Two kinds of clients scare me most. The first ask me as they pick up their tax return what they can do to lower their tax bill. The other requires a pry bar to get complete information out of them during the year.
Each of these clients scares me because I can’t give them a good answer. The first client is really asking what they could have done better last year when the answer makes no difference and the second client gives me reasonably accurate information (if I’m lucky) meaning my advice is only “reasonably” accurate.
The worst part is some tax breaks aren’t gentle phase-outs, but cliffs. One additional dollar of income can cost $500 of tax savings! Clients receiving the healthcare credit face several cliffs as their income crosses mile markers of the federal poverty level (100%, 200%, 300% and 400%). A small amount of additional income can result is a significant reduction in the credit causing a seriously higher tax bill.
Compounding the problem is where you take a deduction. A good example here is Health Savings Account contributions. You can pay the money yourself and take a deduction on Page 1 of Form 1040 or have your employer withhold from your paycheck and deposit the funds. The second way is usually better.
HSA contributions are an adjustment to gross income when you make the contribution yourself. When handled through a payroll deduction it reduces the W-2 and hence, total income. The further up the page a deduction is taken, the better. As you move down Form 1040 options for certain credits and deductions are reduced.
Prioritizing Your Tax Planning
Money is limited so you have to pick and choose which tax benefits to focus on. We will use a hypothetical client named Fawn to illustrate how prioritizing tax options can yield massive results.
Fawn is a single mother with a son approaching the age of majority. She works full-time and earns in the low to mid 30’s with overtime.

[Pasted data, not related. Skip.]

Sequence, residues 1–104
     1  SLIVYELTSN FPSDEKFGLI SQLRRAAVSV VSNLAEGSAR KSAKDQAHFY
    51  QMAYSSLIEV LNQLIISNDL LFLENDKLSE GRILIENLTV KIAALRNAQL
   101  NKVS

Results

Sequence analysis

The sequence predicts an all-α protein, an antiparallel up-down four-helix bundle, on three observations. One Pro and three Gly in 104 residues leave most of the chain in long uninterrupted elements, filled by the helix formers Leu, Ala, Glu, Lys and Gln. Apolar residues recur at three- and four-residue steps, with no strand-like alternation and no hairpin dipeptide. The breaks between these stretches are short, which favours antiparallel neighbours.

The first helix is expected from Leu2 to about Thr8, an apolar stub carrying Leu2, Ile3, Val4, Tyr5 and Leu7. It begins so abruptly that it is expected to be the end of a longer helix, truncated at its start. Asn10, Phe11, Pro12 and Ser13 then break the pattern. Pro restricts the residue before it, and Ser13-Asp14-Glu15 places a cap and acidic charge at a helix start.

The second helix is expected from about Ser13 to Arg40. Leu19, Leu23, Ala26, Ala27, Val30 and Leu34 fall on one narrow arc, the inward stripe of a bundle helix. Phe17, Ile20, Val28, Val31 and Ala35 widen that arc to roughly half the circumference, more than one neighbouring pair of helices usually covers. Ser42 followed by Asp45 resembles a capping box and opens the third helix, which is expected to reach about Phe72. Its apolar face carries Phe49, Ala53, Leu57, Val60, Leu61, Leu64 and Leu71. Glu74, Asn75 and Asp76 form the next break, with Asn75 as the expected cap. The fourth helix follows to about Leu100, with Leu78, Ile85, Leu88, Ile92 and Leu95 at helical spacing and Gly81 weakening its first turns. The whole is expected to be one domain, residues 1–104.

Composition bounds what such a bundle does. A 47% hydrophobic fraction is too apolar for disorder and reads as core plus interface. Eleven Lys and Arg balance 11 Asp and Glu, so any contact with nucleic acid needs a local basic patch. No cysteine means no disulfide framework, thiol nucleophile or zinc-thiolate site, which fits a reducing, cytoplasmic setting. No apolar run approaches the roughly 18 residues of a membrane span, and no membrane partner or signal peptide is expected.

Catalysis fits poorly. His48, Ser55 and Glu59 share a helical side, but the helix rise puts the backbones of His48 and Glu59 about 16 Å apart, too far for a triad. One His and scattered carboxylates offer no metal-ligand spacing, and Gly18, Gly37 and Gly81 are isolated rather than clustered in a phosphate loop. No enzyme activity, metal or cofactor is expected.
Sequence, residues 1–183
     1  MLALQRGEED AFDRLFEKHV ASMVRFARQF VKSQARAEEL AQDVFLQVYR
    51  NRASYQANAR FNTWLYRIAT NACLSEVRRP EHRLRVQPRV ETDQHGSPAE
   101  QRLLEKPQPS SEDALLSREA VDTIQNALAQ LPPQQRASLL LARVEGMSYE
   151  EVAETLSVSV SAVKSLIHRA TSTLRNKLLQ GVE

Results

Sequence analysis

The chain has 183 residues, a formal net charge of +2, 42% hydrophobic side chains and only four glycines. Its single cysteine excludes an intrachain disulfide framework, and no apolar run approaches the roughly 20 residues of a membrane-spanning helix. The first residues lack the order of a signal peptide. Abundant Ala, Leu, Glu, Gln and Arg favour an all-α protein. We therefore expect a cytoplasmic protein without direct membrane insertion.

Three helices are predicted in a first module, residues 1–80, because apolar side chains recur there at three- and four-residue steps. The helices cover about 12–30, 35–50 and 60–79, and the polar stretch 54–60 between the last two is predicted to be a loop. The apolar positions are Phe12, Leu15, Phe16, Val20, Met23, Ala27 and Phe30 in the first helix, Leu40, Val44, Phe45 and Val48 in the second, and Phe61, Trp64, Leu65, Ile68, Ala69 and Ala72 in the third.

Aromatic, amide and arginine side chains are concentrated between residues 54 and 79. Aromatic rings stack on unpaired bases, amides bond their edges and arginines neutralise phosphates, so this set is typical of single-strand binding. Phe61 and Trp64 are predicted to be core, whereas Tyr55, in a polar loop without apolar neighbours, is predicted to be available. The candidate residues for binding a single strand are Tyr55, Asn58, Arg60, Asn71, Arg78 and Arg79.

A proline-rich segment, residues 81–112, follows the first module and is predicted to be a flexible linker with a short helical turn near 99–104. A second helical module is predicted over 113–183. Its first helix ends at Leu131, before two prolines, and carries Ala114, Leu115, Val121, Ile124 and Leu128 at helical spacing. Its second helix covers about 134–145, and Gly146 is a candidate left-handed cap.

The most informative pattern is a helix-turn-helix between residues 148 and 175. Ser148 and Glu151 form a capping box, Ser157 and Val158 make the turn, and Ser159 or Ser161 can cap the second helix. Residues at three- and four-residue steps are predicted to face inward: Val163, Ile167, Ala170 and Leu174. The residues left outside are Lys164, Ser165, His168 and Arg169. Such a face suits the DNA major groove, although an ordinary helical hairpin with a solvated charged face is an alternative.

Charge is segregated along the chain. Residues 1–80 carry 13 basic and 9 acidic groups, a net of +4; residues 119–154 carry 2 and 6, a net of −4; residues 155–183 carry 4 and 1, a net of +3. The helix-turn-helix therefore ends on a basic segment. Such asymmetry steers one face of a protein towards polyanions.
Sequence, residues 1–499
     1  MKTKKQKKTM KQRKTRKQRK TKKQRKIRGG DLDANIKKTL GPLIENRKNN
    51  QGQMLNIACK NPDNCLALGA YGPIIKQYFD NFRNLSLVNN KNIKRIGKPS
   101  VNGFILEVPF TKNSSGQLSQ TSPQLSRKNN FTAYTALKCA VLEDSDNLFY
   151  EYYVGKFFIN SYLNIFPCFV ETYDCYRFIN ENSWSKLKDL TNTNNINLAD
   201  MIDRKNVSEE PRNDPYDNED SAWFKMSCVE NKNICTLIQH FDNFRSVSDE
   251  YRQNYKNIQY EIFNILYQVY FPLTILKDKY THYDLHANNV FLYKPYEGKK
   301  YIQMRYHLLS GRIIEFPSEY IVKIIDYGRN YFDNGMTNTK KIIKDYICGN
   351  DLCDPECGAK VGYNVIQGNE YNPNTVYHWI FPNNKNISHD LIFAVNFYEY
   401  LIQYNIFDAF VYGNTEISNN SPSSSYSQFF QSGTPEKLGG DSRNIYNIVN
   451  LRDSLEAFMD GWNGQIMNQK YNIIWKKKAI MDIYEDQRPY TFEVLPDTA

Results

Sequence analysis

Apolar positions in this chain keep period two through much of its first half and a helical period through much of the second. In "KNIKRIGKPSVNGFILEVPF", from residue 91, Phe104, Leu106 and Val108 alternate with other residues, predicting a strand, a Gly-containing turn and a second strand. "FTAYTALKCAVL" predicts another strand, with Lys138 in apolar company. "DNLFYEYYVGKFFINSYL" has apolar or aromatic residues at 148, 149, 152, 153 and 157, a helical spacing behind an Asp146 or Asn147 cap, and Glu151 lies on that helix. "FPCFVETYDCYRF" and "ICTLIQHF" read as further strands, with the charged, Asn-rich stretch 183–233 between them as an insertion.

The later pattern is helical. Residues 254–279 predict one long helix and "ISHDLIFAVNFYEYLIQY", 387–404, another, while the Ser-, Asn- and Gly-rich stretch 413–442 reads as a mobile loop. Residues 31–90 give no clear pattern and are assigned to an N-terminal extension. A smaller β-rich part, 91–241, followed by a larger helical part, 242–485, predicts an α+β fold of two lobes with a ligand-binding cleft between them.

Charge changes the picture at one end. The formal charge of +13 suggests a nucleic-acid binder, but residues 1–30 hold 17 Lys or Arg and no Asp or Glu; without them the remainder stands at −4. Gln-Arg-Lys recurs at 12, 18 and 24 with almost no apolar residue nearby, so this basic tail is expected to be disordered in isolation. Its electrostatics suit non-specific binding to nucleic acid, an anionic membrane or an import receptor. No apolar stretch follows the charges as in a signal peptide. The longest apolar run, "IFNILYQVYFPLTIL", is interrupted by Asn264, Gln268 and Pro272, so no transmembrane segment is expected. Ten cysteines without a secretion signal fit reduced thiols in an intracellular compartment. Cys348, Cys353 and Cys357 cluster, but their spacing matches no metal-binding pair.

Fawn has several issues to consider. We will assume healthcare is covered at work or she doesn’t have a health plan from the Healthcare.gov site. We do this to simplify our illustration and to focus on three potential tax planning options: Earned Income Credit, Saver’s Credit and the Student Loan Interest Deduction.
The Earned Income Credit is on a sliding scale. It starts low, maxes out around $10,000 to $20,000 (depending on how many children you have), and hovers around this maximum plateau for a while before starting a slow decline as income climbs. Fawn’s EIC is slightly under $1,000.
Earning more money will reduce her credit. But, there is a way to earn more and still get a larger EIC. If Fawn has a retirement plan at work she can divert money to this fund so it never shows up on her personal tax return. An HSA run through payroll will have a similar effect.
EIC is generally calculated off Adjusted Gross Income (AGI) and earned income with some modifications. We will not go into all the possible issues affects Fawn’s return. What I want to make clear is the advantages of reducing income on certain areas of the tax return without giving up income. In short, I want you to have your cake and eat it too.
Choices are almost always available to reduce taxes and increase a refund if plan in advance. We can pick this apart deeper, but today’s point is concept. I want you to understand a simple concept. You don’t have to earn less to avoid the loss of credits.
When higher income increases taxes due and reduces or eliminates credits at a rate near or greater than your additional income it makes sense to stop earning unless you can break through to the next level where income goes up while taxes are muted. Or you follow my plan.
Bringing Together Disparate Pieces
Every action can have multiple effects! Diverting more money into a 401(k) can do more than just reduce your reported income on the W-2. Lower income means lower tax. It also means you might qualify for a Saver’s Credit! Think of that for a moment. The very act of saving might actually reduce your income enough to qualify you for a Saver’s Credit. Isn’t the tax code great!